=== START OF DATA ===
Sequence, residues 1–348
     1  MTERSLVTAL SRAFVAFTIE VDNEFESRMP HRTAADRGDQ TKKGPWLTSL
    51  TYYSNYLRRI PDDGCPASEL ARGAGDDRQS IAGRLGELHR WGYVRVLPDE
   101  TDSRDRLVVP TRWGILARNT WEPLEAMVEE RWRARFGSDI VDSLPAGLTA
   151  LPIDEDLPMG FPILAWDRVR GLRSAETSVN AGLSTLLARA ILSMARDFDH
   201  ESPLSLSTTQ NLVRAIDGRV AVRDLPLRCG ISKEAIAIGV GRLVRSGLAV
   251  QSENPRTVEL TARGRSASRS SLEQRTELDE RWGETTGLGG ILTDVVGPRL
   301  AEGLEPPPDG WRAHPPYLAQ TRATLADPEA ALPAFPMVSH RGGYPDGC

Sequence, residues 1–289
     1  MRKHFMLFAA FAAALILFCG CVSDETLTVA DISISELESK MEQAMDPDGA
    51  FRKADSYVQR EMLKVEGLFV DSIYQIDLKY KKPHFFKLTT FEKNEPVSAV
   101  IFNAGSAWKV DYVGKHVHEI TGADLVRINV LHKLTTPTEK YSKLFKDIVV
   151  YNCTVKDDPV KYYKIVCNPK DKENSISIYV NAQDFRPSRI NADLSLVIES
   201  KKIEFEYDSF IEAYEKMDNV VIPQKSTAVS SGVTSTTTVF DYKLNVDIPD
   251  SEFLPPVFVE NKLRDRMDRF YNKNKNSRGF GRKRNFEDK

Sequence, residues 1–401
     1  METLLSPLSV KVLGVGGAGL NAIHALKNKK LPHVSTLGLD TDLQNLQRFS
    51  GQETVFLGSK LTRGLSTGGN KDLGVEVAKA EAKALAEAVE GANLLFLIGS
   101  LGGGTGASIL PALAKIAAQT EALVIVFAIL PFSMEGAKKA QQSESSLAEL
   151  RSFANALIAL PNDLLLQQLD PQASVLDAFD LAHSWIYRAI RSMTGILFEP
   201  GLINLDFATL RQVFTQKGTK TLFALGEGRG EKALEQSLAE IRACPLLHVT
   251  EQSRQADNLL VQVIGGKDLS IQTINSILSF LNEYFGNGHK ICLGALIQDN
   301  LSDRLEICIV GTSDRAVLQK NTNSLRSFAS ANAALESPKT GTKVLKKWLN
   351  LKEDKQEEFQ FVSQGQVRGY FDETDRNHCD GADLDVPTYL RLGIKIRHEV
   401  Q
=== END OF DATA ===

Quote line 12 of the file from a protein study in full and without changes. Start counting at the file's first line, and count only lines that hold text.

   101  IFNAGSAWKV DYVGKHVHEI TGADLVRINV LHKLTTPTEK YSKLFKDIVV